To begin this lesson on Solving Systems of equations by Elimination, I pair students up and hand each a Launch Slip. One student in the pair will solve the system by addition and the other by substitution. After solving, each pair of students should compare the answers and methods used with each other.
Question 2 asks to state which method was easier to use and why. In this case, addition is probably the easier way to the solution, but it's always interesting to hear what students that chose substitution have to say. The idea is to teach students how the way a system is written can lend itself to one solving method better than another. Yet, students sometimes may prefer a method simply because they feel more comfortable with it. This is fine, as long as they demonstrate that they know how to solve the system correctly and understand the underlying concepts.
I ask volunteers to solve the system using both methods on the board. Then, I ask students to share their responses to Question 2. When I do get someone that prefers substitution over addition, I encourage discussion and debate over the latter. Many times, the student(s) will see why addition can be easier here, after other students offer their explanations.
The short Pencil Pierre PowerPoint shows our cartoon character, “Pencil Pierre” trying to make a system problem easier to solve by changing the sign of one of the coefficients. But does Pierre really help?
The purpose of this part of the lesson is to tap into the notion of equivalent equations. I want to lead students to see that Pencil Pierre needs to change ALL the signs in the equation, and not just one sign. In other words he needs to multiply the entire equation by -1 and obtain an equivalent equation, hence, equivalent systems.
I leave the last slide on the screen as students answer the questions on the New Info Q Pencil Pierre. Based on their background knowledge, students should be able to respond correctly with little intervention on my part. Later in this lesson, they should be able to figure out how to "eliminate” variables with coefficients other than one, in order to solve the system.
I ask that students use the back of the slip to write their responses as I walk around answering any questions. I want students to understand that the idea here is to use equivalent equations that allow solving the system by linear combination. I then call on volunteers to share answers with the entire class. (In the reflection in the previous lesson, I explain why I prefer students multiplying by negative one, instead of using subtraction.)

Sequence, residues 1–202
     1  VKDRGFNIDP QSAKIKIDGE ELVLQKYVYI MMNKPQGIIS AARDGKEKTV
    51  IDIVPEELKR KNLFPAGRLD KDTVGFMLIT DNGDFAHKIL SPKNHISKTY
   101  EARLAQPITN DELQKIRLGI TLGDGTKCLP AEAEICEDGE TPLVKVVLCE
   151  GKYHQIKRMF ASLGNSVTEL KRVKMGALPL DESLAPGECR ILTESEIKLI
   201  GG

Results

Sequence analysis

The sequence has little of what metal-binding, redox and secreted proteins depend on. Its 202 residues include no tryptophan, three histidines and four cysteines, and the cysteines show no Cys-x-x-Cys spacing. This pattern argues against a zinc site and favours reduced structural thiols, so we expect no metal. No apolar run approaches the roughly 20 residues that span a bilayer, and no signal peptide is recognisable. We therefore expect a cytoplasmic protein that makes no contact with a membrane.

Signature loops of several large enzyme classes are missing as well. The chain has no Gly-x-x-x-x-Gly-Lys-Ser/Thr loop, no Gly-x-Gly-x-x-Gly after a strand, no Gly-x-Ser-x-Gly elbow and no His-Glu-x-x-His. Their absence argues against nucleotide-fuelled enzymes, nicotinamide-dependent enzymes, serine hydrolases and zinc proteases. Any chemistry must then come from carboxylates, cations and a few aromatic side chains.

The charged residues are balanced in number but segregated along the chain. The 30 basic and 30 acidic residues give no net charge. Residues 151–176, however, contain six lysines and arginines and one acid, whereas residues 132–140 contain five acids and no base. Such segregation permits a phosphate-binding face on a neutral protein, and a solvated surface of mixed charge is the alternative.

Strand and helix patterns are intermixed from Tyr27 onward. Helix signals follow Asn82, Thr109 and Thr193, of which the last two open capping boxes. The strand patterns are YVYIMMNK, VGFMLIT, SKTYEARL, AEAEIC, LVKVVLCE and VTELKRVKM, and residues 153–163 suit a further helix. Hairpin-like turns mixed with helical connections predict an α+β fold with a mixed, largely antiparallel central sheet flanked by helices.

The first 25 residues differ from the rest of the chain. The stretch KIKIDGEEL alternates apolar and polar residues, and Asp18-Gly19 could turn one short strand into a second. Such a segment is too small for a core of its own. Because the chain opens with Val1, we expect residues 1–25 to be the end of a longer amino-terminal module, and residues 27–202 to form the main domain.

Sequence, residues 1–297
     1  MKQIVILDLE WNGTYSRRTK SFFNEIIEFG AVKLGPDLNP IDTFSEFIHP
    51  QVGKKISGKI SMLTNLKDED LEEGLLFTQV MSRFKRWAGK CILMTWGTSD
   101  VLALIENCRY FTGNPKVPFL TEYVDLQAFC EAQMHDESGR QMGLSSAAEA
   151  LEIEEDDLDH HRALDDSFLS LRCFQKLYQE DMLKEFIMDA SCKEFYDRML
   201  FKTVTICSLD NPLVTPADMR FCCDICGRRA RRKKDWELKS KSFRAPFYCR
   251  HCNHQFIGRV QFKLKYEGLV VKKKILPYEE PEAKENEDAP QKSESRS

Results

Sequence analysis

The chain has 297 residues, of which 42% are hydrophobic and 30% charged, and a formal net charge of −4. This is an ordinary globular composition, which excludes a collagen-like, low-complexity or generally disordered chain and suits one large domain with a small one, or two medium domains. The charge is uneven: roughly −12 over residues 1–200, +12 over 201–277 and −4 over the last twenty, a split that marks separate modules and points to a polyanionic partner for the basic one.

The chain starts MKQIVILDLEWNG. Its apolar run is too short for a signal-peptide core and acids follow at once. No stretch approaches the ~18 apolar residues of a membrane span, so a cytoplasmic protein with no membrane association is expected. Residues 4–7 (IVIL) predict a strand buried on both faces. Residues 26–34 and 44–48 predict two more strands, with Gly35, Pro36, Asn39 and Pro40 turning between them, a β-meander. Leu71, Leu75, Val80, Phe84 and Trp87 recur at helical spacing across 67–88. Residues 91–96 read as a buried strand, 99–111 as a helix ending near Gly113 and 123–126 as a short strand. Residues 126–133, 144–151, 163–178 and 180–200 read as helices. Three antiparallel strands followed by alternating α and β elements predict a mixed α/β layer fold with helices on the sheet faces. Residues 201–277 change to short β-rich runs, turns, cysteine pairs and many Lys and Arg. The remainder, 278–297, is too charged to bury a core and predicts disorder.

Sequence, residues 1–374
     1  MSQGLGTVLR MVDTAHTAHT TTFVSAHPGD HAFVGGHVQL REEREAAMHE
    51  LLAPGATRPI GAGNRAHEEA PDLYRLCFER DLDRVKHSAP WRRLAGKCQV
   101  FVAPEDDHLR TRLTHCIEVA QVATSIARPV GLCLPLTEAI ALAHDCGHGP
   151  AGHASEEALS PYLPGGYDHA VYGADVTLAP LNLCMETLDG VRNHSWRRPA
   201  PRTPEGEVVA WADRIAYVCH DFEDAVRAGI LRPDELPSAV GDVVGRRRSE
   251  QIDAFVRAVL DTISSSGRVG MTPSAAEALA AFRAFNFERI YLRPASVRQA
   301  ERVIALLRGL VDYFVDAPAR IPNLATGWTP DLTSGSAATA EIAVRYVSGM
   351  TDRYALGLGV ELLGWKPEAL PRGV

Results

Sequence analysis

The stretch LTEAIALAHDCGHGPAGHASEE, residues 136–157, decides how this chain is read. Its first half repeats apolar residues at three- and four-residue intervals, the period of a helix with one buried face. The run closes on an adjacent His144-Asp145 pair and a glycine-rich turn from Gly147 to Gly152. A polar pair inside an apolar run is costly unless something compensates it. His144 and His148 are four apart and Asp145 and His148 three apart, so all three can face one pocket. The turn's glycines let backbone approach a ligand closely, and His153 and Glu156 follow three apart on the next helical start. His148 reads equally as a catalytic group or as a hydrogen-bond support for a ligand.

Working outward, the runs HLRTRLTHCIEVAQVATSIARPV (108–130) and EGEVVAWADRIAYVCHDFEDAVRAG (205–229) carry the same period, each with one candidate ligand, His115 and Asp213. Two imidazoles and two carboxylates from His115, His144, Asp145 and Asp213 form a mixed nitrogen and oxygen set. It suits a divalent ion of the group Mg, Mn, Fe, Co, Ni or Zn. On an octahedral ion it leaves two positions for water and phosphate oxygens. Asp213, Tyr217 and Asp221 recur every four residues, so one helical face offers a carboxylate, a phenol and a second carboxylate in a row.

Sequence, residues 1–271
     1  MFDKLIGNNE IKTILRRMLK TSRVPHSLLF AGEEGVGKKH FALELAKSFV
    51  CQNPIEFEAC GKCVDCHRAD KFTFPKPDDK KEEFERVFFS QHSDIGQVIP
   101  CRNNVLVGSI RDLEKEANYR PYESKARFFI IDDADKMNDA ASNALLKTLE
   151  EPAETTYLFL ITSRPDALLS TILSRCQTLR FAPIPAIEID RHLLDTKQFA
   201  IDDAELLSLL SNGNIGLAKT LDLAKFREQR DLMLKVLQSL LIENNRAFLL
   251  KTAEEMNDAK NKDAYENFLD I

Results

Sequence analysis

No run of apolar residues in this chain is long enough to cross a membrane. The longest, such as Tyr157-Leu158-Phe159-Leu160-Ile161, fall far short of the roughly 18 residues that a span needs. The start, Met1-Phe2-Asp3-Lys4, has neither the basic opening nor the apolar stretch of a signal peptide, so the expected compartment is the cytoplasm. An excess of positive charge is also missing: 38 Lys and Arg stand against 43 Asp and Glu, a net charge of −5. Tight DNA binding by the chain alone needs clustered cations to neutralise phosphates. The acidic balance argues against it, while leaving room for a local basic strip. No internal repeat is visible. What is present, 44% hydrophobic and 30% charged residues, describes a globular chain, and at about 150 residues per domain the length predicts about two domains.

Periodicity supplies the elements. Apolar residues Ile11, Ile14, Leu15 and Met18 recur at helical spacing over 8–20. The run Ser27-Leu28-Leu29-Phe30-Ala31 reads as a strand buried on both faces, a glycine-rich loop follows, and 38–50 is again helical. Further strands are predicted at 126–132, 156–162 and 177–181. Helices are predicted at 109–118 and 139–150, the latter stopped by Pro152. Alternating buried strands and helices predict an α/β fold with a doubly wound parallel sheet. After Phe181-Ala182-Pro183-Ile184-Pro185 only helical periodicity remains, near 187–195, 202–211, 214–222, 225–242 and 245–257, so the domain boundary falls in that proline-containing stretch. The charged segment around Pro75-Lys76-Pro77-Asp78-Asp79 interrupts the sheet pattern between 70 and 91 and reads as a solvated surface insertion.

Expected answers for the questions are:
1) Pierre believes that changing the sign of y will eliminate the y variables by Addition, resulting in one equation in terms of one variable x. This is actually true.
2) Pierre is wrong despite having eliminated the y variables because he changed the second equation, resulting in a different system, that has a different solution. What he needed to do was multiply the entire equation by -1 (Multiplication Property of Equality), resulting in an equivalent equation and therefore, equivalent systems. Then proceed.
The Video Narrative explains the purpose of this Application section. The handout Skills Worksheet contains four questions in which student pairs have to assess a system and answer questions in reference to the elimination of a variable, then solve the system.
In Question 3 I've shown two very common mistakes students make when solving systems. Being able to locate these and realize what has been done will certainly help students avoid such mistakes.
In Question 4, students should figure that multiplying the second equation by the reciprocal of 10/3, keeping the coefficient negative, will lead to cancelling the y variable. I ask students not to convert any fraction to a decimal.
As I walk around the class assessing students, I make sure partners in each group share the work equally in Questions 1 and 2. I encourage partners to look over each other's work and find mistakes themselves, if any, instead of me pointing these out. Making sure students discuss the problems among each other saves time for the closure section, in which they write the problems on the board.
To close the lesson I call on volunteers to write their responses on the board. I tell students to only write the answers, to save time. Students should hand in their work on their way out of class. The alternative skills worksheet Alternate Skills Worksheet is for students who I find are struggling with the work. I like to make sure these students are able to eliminate a variable by multiplying one equation in the system, before they go on to the next part of the lesson.
The Homework is designed so that these struggling students can handle the first teo questions. This would be enough to be given credit for. Most students will be able to do the entire homework sheet.